The title of this exhibition, ‘Every Objects Tells A Story’, hangs somewhere between pretentious and redundant, and is all the more disappointing because of how good everything else about it is. That dealt with, I can begin my praise of this uniquely presented exhibition.
The Queen’s House in Greenwich may have a modest appearance, but it has one of the most interesting creation stories. It was supposedly commissioned by James I as an apology to his wife, the offence being his swearing in front of her after she had accidentally killed one of his dogs during a hunt. I, too, now have additional questions. Continue reading →
Adult Entry: Free Nearest Tube: Holborn, Central Line
As someone who works day-to-day with the dry, safe, non-organic collections of Greek and Roman antiquities, it was a considerable step outside of my comfort zone to visit the biological repository that is the Hunterian Museum. The museum, housed within the Royal College of Surgeons, holds around 3,500 ‘specimens’, which is a pleasant way of saying ‘dead things in jars’.
Adult Entry: Exhibition £14 Nearest Tube: High Street Kensington, District & Circle Line
Breaking: New Museum Opens In South Kensington! In other news; independent coffee shop opens between a Starbucks and a Costa. Casualties expected.
It takes guts for an upstart museum to shoulder its way into the territory of multiple very established institutions. How could the Design Museum compete with the collections housed at the V&A or NHM? Fortune, we are told, favours the bold, but perhaps it also favours the principled. Continue reading →
Lets move to our second case study: The Temple of Dendur. This temple was removed in its entirety from Egypt and brought to a specially created room in the Met, where it was faithfully reconstructed. It stands in a tranquil hall, one glass wall looking out onto Central Park, surrounded by a shallow canal. The room could not do a better job of inciting the grandeur and serenity of the original temple.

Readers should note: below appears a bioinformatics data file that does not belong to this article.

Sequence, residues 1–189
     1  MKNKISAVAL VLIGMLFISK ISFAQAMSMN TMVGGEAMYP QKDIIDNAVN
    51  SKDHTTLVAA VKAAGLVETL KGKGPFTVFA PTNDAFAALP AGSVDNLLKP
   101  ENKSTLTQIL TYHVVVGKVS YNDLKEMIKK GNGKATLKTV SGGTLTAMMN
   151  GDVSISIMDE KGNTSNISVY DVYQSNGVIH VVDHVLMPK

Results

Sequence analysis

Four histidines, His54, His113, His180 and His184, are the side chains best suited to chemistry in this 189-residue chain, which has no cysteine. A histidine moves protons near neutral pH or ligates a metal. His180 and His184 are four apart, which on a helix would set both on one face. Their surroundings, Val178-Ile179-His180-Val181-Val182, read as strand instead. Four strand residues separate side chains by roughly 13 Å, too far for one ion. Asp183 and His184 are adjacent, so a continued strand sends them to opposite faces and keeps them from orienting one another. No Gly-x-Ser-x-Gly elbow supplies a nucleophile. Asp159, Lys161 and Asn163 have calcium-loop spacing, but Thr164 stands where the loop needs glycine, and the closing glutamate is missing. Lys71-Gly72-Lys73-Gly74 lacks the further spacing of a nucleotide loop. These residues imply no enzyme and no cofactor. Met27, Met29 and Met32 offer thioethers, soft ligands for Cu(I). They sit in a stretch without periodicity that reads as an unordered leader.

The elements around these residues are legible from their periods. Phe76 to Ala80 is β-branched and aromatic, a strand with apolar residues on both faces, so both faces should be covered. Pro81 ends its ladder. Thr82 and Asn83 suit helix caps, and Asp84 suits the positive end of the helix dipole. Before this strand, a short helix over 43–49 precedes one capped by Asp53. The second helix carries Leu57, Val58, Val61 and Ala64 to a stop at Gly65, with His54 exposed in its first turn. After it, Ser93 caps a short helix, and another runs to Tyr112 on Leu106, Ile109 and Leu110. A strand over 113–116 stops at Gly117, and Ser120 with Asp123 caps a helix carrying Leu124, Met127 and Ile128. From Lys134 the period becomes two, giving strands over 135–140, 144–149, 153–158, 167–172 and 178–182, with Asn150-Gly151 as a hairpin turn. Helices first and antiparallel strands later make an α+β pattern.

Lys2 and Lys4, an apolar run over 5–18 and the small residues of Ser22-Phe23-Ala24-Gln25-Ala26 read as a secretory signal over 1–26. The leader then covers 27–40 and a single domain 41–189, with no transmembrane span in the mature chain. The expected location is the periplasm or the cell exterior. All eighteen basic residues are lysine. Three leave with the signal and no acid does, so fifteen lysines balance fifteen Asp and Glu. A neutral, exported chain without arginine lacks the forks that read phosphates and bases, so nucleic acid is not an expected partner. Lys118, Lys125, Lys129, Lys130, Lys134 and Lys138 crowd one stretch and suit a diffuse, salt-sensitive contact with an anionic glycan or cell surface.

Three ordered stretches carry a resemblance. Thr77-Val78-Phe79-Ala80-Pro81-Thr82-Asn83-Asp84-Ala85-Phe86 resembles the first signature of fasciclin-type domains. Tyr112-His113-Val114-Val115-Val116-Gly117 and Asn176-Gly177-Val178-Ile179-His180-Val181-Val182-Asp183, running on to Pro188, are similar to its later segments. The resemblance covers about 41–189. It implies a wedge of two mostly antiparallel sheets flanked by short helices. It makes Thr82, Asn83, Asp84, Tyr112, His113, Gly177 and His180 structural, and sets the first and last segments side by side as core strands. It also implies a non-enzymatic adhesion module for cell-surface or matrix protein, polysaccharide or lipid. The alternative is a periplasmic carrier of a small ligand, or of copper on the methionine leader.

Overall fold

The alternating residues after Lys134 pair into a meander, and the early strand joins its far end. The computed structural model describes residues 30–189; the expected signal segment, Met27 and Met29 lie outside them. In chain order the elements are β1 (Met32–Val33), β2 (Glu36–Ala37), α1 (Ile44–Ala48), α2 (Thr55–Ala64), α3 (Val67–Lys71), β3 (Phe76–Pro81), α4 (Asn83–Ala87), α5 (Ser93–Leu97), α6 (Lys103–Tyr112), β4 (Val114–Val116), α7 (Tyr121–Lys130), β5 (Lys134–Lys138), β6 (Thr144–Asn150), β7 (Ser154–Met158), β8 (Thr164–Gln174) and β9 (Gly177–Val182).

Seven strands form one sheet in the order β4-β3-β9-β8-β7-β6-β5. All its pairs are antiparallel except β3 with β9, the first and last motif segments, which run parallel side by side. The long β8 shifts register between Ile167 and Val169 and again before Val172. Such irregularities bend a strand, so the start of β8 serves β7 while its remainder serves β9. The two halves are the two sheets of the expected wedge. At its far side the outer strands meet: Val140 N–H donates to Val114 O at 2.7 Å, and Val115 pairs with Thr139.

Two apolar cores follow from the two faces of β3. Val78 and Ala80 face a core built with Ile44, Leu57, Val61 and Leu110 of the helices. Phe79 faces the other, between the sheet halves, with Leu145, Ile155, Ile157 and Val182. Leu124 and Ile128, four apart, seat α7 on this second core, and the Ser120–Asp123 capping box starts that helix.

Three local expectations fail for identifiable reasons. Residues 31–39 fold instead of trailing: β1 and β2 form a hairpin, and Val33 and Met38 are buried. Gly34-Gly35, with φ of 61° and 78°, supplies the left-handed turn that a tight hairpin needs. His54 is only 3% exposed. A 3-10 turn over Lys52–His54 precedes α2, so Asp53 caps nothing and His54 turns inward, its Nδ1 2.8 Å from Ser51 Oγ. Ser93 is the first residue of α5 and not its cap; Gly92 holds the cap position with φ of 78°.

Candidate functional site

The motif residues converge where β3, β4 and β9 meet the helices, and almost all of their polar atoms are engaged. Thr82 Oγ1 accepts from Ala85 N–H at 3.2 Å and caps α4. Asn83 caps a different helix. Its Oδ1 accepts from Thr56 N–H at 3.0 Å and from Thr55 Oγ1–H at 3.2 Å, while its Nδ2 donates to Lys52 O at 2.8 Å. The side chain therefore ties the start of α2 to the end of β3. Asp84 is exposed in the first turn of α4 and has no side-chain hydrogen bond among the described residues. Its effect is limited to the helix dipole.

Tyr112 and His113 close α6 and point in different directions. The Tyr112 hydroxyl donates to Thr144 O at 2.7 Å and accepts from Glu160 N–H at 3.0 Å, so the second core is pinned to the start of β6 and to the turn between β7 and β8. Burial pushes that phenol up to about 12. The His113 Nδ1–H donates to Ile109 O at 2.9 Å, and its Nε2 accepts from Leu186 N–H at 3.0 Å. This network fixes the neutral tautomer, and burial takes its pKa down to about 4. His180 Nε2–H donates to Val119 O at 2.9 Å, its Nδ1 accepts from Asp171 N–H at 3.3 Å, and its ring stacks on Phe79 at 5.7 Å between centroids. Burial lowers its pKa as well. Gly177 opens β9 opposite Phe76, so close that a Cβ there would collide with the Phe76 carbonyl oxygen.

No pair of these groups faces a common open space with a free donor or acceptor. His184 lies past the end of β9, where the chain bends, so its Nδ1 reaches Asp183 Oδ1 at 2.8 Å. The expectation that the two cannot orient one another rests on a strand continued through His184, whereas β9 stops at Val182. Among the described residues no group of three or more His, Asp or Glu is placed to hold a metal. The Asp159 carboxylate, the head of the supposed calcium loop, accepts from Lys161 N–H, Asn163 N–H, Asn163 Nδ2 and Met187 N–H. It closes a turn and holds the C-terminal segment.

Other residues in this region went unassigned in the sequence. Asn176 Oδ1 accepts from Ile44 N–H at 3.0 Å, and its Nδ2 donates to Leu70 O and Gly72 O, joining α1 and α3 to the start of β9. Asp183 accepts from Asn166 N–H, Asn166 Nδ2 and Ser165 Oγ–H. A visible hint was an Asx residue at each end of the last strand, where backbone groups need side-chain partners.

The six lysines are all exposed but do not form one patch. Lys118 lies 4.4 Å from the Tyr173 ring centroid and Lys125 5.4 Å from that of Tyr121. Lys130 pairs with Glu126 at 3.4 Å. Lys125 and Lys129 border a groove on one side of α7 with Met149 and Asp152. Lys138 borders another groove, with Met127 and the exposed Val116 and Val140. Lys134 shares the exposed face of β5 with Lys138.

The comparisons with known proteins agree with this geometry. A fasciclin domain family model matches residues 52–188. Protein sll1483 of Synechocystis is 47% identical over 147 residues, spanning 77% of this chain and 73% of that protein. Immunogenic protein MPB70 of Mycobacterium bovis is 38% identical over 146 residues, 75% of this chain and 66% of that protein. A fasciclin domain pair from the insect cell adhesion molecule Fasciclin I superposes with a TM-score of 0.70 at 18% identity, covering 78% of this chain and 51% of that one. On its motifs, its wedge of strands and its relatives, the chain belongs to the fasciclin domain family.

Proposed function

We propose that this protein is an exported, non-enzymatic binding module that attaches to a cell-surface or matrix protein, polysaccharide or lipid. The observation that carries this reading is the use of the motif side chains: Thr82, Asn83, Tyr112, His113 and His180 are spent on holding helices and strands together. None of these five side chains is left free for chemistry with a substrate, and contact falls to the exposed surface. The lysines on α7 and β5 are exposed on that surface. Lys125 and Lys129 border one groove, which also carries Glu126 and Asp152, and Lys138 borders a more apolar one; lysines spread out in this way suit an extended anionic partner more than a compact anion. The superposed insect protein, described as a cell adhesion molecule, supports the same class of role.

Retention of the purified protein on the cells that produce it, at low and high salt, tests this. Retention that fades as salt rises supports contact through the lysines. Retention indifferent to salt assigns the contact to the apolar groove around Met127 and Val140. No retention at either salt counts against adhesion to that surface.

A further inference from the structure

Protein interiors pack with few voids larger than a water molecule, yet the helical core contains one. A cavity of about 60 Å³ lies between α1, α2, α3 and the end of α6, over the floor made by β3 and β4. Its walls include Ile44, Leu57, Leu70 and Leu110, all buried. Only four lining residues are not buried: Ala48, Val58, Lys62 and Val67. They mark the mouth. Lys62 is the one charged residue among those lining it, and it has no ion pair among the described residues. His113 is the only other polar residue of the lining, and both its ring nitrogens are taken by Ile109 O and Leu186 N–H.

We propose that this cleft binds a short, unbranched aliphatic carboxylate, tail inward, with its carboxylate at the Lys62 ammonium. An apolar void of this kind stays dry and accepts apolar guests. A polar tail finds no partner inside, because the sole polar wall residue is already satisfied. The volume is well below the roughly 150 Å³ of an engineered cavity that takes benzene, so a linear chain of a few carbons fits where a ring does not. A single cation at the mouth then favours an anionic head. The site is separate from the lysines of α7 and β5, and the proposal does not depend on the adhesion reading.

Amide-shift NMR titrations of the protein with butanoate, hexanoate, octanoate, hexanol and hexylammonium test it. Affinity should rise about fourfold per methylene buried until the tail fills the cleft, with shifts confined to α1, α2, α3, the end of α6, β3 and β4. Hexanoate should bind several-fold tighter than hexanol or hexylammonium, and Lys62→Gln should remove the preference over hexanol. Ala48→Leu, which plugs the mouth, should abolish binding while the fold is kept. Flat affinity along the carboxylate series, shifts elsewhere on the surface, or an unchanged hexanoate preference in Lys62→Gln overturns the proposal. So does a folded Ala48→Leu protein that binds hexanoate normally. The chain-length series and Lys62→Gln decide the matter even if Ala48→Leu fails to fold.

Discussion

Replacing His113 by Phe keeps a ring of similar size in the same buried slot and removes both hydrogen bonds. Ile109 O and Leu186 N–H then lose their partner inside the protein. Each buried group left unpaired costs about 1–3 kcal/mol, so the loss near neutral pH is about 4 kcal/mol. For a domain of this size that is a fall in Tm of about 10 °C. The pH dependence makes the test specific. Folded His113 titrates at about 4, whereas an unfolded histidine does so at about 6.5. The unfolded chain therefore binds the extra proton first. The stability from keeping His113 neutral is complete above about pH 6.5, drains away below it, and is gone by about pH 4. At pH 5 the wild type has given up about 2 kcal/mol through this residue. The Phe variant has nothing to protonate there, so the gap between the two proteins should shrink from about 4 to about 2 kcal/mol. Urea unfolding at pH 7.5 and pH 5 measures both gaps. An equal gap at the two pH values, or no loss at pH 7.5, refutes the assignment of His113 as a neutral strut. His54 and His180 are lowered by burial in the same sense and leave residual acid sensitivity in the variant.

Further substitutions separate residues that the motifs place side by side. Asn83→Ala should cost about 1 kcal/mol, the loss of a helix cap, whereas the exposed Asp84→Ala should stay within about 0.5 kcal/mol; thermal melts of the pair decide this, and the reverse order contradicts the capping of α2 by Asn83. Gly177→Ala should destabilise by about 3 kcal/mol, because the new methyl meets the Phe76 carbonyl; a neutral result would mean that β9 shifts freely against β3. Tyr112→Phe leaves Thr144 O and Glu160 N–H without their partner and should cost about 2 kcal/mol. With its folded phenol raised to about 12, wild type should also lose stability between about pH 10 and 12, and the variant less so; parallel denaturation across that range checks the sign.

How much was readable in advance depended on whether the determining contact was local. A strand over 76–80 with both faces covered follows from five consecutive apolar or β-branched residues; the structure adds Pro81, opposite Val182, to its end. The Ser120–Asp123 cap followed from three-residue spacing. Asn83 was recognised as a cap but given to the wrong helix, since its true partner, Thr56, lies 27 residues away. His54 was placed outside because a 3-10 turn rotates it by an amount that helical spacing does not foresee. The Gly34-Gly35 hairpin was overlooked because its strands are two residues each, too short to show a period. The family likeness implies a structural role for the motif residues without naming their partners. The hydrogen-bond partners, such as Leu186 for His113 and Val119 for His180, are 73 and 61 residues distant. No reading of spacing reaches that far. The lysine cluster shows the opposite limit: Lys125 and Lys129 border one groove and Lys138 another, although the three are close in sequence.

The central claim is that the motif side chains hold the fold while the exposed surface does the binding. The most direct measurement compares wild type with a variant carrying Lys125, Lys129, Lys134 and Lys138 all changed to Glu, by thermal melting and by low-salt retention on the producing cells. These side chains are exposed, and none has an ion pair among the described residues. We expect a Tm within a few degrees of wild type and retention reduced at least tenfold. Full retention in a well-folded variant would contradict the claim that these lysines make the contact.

Do we interpret that the available space has improved the interpretation? Or perhaps only that the available space has increased the maximum quality achievable for that object. Continue reading →
I went on holiday to New York last month. This was pleasant for a number of reasons, among which was the chance to fulfill a long-delayed desire: to visit The Metropolitan Museum of Art.
I have been to the museums in other major American cities, but sadly too long ago for me to review them with any clarity. This trip, therefore, provided an excellent opportunity for me to approach my visit critically and do some comparing with our British counterparts. Continue reading →
Adult Entry: Free Nearest Tube: Tower Hill, District & Circle Line
London is a port city. Had you forgotten? Because I had.
It is very easy to forget that the docks and wharves lining the Thames have not always been super-luxury apartments for the wealthy suits of the city. Indeed, with the eviction of most of London’s maritime trading to the far eastern end of the city, there is little evidence that the Thames still provides anything more than a neutered fairground ride for visiting tourists.
I would love to say that St Katharine Docks is an exception. It isn’t. But it does give an idea of how London’s industrial past can be gentrified in a manner that still allows it to be enjoyed by visitors. Continue reading →